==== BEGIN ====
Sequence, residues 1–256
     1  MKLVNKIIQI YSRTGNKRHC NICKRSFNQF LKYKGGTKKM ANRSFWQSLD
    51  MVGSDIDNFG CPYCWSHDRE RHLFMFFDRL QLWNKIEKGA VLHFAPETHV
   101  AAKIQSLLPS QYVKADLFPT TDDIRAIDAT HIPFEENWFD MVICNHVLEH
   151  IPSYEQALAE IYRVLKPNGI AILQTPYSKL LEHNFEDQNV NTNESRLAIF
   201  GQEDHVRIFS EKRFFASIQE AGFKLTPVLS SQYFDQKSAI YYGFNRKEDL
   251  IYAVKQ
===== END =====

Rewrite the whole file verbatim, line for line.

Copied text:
Sequence, residues 1–256
     1  MKLVNKIIQI YSRTGNKRHC NICKRSFNQF LKYKGGTKKM ANRSFWQSLD
    51  MVGSDIDNFG CPYCWSHDRE RHLFMFFDRL QLWNKIEKGA VLHFAPETHV
   101  AAKIQSLLPS QYVKADLFPT TDDIRAIDAT HIPFEENWFD MVICNHVLEH
   151  IPSYEQALAE IYRVLKPNGI AILQTPYSKL LEHNFEDQNV NTNESRLAIF
   201  GQEDHVRIFS EKRFFASIQE AGFKLTPVLS SQYFDQKSAI YYGFNRKEDL
   251  IYAVKQ